Michigan residents frustrated by long lines to get a driver's license are in for a surprise the next time they need to renew their ID or register a vehicle. The state has added a virtual placeholder system so that customers don't have to waste time waiting for their turn.
Called the MI-TIME Line, the service lets residents remotely "get in line" at a branch office using a smartphone or other device. The person is alerted a few minutes prior to being called, so they can then go to the office to conduct their business. The Michigan Secretary of State's Office implemented the application last year at 10 different locations in Detroit, Grand Rapids, Flint and Lansing.
“The customer is in control of their time and can use it [to] run errands, shop or grab a bite to eat,” said Fred Woodhams, communications manager for the Michigan Secretary of State’s Office. “They will be summoned when it is their turn. If they need more time, the system gives them that option without having to go to the back of the line.”
MI-TIME Line officially went live on Jan. 15, 2014 and has passed 1 million customers served, Michigan Secretary of State Ruth Johnson said in a press release.
In addition to making things easier on the customer, the Michigan Secretary of State’s Office has noticed an uptick on the amount of feedback it has received. Once accessed, MI-TIME Line texts a person a link to an online survey.
Additional benefits include the ability of management at the region and bureau levels to monitor wait times, customer volumes and productivity from their computers. This helps them make staffing and process changes in real time.
“We are able to match the skill level of the employee with the type of transaction of the customer,” Woodhams said. “This makes the service experience more efficient when less skilled [employees] can handle easy and fast transactions while more experienced clerks can handle the more complex transactions.”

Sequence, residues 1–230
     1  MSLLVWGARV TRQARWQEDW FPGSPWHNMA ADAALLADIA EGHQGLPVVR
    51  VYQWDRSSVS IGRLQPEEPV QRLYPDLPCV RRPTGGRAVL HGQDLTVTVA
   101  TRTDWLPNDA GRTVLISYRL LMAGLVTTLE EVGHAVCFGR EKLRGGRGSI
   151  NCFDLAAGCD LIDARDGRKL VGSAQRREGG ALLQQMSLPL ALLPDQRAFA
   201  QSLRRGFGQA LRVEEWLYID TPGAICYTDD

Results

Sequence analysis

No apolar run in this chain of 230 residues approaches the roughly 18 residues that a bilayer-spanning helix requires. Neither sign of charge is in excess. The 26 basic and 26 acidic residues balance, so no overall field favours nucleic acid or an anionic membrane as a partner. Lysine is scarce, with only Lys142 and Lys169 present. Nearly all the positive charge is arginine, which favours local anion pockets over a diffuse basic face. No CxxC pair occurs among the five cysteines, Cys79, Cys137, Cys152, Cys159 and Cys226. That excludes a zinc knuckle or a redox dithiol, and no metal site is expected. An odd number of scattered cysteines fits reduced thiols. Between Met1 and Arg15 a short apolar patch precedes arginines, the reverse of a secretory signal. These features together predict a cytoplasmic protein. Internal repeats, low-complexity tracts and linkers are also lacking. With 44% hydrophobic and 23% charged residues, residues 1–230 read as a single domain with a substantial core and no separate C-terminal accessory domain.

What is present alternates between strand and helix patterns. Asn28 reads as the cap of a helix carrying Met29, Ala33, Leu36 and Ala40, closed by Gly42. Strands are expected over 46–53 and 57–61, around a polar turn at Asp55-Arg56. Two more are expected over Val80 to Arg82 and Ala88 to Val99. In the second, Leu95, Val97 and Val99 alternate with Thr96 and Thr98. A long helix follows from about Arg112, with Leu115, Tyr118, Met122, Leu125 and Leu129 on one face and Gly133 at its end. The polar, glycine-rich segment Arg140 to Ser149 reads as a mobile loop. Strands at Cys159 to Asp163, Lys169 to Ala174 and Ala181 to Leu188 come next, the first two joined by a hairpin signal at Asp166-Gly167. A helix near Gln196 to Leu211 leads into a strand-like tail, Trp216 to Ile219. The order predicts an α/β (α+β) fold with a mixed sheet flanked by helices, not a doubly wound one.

QLess, a U.S.-based company that specializes in line-management technology, developed the system. The design was based on specifications from an internal team of the state. Michigan has a five-year, $1.1 million contract with QLess for the technology.
Despite MI-TIME Line’s early success, its rollout had some early challenges. Woodhams noted that the Secretary of State’s Office had to update data connections to a couple of the branch locations to ensure they could use the system. The system has also been tweaked to change transaction categories that customers choose to make the process more user-friendly.
Looking further into 2015, the Michigan Secretary of State’s Office would like to expand MI-TIME Line to additional offices, but an exact number of expansion locations has not yet been identified.
“One issue we are still dealing with is that office staff perform more transactions than many of our counterparts in other states,” Woodhams said. “We do both driver licensing and ID cards, and vehicle license plates and related transaction [such as] titles and watercraft. Seven of the MI-TIME Line offices also perform document authentication for use overseas.”
Brian Heaton was a writer for Government Technology magazine from 2011 to mid-2015.